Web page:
Middle-class shoppers, plagued by decades of high inflation, have turned to discounters, boosting sales at Walmart and Dollar General.
While inflation has fallen to 7.7 percent, it remains stubbornly high as Americans feel the pain along the grocery lines and many choose to seek better deals.
While bread and milk cost $4.79 and $8.99 respectively at upscale Whole Foods, the same items cost almost half as much at Walmart and even less at Dollar General.
Similar savings can be had on a pair of steaks, which sell for nearly $32 at Whole Foods, while Walmart sells it for $16.77 and Dollar General for just $9. If it’s a dozen eggs, Whole Foods costs about $5.49, Walmart sells them for $3.23, and Whole Foods sells them for $5.49.
Meanwhile, butter is $9.99 at Wholefoods, where it’s only $4.48 at Walmart and $4.45 at Dollar General. And flour costs about $6.39 at Whole Foods, where it’s $3.83 at Walmart and $4.50 at Dollar General.
On Tuesday, Walmart reported annual U.S. sales growth of 8.2 percent year over year, beating Wall Street expectations as shares rose 7 percent as of midday.
The company found that about 75 percent of Walmart’s sales growth was driven by households making $100,000 a year, demonstrating the middle-class flight to its stores for better deals.
This was announced by GlobalData retail analyst Neil Saunders CNN: ‘Though times are tougher, consumers’ desire for value and low prices is playing into Walmart’s hands.’
Dollar General, which regularly boasts of low prices, has also seen an influx of wealthier consumers due to inflation, with its shares up almost 4 percent on Tuesday and 12.66 percent over the past year.
More middle-class shoppers are turning to Walmart, Dollar General and other discount stores for better deals on groceries to save money amid rising inflation
Annual consumer inflation fell below 8% last month for the first time in eight months
With annual US sales growth of 8.2 percent year over year, Walmart has credited its recent success to an influx of wealthier shoppers looking for bargains amid high inflation. Pictured are shoppers at a Walmart in Brunswick, New Jersey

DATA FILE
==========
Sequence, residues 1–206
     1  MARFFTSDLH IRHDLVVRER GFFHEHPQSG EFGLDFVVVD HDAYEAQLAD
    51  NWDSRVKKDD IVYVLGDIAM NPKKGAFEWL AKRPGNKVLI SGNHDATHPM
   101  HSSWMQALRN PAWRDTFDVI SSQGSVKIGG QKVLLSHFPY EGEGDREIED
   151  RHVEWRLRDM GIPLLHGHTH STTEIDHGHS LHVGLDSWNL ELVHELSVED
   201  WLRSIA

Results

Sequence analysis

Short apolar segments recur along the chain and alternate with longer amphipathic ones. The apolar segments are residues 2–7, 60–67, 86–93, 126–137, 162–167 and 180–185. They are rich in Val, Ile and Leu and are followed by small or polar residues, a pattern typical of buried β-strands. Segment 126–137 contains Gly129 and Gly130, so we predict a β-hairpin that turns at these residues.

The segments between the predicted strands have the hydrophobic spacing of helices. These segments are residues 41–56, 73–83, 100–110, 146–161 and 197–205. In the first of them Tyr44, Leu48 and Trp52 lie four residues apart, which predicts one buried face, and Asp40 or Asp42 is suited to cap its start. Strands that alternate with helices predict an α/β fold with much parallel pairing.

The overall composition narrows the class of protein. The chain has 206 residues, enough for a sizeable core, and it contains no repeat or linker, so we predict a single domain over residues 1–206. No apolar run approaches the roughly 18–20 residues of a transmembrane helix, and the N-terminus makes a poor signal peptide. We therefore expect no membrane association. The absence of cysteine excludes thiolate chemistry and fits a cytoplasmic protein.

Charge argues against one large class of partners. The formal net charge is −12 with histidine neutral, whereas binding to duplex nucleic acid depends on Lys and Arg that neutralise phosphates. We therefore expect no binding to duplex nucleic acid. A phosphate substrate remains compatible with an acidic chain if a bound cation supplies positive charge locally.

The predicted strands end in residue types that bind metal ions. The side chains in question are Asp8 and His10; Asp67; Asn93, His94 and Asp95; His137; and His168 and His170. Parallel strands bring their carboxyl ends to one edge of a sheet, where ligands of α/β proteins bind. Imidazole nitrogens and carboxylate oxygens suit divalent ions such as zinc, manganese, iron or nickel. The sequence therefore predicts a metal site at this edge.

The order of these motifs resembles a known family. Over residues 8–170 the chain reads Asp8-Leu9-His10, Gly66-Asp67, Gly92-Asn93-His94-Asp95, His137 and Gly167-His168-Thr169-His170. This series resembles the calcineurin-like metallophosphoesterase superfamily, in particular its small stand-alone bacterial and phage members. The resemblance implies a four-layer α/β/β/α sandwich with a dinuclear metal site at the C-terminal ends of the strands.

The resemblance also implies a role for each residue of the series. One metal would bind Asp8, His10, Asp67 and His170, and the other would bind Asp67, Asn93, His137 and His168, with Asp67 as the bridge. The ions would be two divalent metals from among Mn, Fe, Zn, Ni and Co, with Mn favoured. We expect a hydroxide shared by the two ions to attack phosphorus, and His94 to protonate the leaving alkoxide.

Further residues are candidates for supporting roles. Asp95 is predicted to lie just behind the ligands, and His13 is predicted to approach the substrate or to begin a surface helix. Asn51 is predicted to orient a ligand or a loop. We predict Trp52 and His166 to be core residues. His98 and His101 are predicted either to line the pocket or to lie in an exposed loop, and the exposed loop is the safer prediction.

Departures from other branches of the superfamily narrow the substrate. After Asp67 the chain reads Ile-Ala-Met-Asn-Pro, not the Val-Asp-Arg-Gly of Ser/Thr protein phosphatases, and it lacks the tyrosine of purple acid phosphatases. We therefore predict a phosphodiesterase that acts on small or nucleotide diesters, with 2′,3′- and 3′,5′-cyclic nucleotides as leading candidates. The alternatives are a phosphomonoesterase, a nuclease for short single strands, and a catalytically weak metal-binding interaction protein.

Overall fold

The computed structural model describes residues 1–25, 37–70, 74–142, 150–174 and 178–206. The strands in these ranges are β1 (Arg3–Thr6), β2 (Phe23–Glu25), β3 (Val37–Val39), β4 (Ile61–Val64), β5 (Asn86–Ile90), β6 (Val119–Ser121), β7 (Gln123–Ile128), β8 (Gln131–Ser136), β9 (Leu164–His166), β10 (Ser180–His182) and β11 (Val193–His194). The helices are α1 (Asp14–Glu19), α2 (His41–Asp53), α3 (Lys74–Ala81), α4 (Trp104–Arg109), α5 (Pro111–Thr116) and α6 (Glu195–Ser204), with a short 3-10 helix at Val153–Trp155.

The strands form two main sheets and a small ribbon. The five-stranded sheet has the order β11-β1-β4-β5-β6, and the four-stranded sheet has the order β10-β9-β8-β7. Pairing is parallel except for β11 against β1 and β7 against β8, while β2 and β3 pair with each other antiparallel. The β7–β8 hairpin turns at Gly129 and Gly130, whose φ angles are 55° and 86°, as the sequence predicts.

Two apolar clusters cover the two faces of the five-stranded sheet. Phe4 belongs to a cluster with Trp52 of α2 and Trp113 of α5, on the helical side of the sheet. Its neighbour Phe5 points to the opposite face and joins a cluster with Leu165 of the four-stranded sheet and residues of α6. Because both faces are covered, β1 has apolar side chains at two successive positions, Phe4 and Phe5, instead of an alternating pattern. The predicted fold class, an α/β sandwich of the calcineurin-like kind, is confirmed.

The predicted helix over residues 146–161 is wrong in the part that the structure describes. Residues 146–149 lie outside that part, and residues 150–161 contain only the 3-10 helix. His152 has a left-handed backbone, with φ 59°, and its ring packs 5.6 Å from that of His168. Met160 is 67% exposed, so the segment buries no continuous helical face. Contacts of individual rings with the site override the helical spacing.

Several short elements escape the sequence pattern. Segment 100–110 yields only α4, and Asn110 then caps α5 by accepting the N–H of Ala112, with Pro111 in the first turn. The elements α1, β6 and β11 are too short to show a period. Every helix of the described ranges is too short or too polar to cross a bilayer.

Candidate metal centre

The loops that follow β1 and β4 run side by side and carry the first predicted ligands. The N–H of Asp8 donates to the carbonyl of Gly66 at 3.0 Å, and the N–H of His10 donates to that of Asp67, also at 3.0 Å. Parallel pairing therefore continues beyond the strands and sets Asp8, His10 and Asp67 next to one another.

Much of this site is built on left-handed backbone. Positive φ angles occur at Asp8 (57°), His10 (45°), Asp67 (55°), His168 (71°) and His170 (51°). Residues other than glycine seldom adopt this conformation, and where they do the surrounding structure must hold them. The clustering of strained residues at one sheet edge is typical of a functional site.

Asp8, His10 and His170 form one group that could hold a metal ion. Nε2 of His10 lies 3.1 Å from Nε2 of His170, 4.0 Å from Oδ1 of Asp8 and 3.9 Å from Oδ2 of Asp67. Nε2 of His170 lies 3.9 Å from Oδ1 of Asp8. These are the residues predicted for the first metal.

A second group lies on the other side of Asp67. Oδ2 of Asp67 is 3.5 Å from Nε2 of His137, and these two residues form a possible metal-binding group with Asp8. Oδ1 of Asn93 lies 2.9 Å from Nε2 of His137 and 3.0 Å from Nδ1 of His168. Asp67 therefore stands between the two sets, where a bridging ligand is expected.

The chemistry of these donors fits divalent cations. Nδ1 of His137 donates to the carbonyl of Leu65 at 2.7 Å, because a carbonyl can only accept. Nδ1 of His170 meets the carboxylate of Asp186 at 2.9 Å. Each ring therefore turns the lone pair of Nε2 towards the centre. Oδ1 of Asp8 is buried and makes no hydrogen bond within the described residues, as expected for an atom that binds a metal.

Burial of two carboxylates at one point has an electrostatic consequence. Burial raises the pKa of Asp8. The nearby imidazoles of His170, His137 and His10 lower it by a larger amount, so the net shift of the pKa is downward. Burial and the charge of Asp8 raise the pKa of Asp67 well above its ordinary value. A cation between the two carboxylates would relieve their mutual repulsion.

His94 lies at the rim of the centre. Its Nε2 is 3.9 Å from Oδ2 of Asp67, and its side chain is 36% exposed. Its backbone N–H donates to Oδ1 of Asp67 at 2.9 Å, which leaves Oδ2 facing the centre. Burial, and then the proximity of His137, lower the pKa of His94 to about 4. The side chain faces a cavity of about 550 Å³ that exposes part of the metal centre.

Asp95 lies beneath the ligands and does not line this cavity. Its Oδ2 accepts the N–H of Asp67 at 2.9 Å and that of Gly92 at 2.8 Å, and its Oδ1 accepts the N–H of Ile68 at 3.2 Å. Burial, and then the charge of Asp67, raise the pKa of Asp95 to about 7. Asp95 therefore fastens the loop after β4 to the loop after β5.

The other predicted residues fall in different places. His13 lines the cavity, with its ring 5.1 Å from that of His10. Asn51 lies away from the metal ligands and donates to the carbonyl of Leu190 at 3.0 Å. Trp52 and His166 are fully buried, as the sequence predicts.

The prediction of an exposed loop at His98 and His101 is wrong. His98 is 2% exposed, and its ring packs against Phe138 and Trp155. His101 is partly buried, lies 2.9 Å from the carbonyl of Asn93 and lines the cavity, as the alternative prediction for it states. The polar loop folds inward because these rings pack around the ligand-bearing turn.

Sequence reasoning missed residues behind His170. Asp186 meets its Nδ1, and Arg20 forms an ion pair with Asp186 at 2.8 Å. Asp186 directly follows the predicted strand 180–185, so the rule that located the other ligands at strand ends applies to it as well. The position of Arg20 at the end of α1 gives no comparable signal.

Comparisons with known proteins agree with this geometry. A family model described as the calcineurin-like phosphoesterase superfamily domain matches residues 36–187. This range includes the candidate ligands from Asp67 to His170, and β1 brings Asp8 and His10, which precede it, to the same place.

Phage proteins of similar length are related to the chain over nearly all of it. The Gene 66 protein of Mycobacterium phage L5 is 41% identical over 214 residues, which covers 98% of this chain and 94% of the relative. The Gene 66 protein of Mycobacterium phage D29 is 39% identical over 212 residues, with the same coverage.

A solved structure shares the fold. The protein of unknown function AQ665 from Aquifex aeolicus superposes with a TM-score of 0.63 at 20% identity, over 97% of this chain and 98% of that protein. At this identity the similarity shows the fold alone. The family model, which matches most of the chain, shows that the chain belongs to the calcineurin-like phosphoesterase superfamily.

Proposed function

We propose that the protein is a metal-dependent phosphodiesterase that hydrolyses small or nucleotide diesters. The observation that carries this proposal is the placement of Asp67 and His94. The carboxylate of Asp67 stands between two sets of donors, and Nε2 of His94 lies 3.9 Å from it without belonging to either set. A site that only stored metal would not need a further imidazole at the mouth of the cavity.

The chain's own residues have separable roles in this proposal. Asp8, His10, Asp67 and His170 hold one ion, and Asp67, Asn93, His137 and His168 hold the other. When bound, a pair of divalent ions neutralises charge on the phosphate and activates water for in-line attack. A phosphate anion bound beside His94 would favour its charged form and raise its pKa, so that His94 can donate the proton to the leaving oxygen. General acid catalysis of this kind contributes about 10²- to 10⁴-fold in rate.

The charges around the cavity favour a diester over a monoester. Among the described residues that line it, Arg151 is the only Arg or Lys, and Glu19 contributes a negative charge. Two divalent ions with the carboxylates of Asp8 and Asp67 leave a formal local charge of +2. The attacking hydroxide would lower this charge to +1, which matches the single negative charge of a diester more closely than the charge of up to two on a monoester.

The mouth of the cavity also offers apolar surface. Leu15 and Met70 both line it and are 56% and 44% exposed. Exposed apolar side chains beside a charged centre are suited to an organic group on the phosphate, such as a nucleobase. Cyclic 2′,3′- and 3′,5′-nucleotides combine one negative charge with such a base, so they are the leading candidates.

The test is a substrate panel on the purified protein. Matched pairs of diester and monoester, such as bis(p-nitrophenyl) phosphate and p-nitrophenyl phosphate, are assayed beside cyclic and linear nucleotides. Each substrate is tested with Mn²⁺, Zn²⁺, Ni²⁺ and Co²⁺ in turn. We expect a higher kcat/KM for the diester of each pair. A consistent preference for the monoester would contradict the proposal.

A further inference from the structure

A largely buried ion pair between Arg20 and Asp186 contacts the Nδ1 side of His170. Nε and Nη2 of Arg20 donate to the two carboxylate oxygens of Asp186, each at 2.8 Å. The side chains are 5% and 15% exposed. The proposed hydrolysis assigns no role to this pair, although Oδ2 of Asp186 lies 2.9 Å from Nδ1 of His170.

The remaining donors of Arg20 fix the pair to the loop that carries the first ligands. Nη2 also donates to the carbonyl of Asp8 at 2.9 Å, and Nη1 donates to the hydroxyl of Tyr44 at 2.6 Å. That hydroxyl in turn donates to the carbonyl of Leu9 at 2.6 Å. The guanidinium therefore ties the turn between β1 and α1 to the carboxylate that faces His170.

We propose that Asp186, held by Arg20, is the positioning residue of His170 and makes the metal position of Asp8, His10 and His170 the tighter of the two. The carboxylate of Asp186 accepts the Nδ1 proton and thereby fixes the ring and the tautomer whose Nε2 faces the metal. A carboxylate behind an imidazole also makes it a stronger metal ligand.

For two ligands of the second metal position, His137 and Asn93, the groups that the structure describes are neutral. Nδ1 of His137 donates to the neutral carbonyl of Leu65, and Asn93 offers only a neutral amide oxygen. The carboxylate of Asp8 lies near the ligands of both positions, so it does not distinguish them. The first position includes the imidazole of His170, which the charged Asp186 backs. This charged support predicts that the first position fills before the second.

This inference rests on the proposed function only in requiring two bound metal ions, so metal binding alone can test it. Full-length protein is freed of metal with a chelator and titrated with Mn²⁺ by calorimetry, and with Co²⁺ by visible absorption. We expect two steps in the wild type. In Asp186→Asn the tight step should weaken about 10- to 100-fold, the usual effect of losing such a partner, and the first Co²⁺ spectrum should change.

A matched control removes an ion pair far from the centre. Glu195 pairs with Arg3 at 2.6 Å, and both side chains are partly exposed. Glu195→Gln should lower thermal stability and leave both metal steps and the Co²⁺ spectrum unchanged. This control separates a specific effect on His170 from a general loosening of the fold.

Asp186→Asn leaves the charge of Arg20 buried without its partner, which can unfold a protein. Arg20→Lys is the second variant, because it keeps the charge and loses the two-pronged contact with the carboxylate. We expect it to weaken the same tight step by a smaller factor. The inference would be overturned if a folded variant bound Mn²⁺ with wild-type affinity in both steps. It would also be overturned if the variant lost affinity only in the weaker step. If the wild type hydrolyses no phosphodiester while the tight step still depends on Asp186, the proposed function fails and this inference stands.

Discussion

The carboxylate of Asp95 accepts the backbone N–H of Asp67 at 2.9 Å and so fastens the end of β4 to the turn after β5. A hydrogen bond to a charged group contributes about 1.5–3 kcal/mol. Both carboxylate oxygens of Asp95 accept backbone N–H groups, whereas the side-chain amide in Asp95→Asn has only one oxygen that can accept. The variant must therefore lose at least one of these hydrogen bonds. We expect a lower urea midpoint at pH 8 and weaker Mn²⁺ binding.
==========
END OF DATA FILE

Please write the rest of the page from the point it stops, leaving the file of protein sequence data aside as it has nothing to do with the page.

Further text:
In addition to reporting sales growth, Walmart noted in Tuesday’s report that sales of its own private label were also up, suggesting shoppers are choosing to keep branded to save at the checkout.
The store also saw a significant three-month boost from its US back-to-school season promotions.
John David Rainey, Walmart’s Chief Financial Officer CNBC that the surge in purchases at the company’s stores reflects the reality of Americans who are still cash-strapped.
“Paperbacks are stretched,” he said. “People have less disposable income or less disposable income to spend on things — and so they’re looking for value.”
Dollar General cited a similar effect, but the supermarket chain’s Ohio stores are under investigation for allegedly taking advantage of people looking for better deals.
In early November, Ohio Attorney General Dave Yost accused at least 20 stores in the state of price gouging, with inspectors finding up to 88 percent cheaper on the shelves than at the actual checkout.
“Ohioans can’t afford companies that lure people in with promises of low prices just to fool them at the checkout,” Yost said in a statement. “This appears to be a company trying to make extra money and hoping no one notices.”
On Monday, five stores in Franklin County, Ohio, failed a second inspection over price gouging. ABC 4 reported.
Overall, food and drink prices across the country have soared 11.2 percent over the past year due to inflation, with meat and poultry prices up 9 percent and dairy products up nearly 16 percent.
Walmart’s shares are up, with the retailer posting a more than 2 percent jump in value on Tuesday after rising steadily for the past six months
Dollar General has seen similar success, with its stock up nearly 4 percent
While Dollar General said it has also attracted wealthier customers, the chain’s Ohio stores are under investigation for alleged price cuts in search of better deals
The consumer price index rose 7.7 percent year-on-year in October, marking the fourth straight month of decline from a 40-year high of 9.1 percent hit in June.
The final demand producer price index, which measures inflation before it reaches consumers, rose just 8 percent year-on-year in October, also marking a fourth straight month of decline in the figure, the Labor Department said on Tuesday.
Core inflation excluding volatile food and energy prices fell to 6.3 percent on an annualized basis after hitting a four-decade high of 6.6 percent in September.
The numbers were all lower than economists expected and Wall Street has responded positively, with all three major indices rising since the report.
The producer price index for final demand, which measures inflation before it reaches consumers, rose 8% yoy in October, falling for the fourth straight month
The Dow rose again on Tuesday, adding to the recent rally seen in a five-day view
However, as spending shifts back to labor-intensive services and the labor market is still tight, wage pressures could keep inflation painfully high for some time.
The Fed delivered a fourth straight 75 basis point hike in interest rates earlier this month, saying its fight to bring inflation down to the Federal Reserve’s 2 percent target would require a further rise in borrowing costs.
However, the Fed has signaled that it may be nearing a turning point in its fastest rate hike cycle since the 1980s.
Traders are now pricing in a 91 percent chance of a 50 basis point rate hike at the Fed’s December meeting.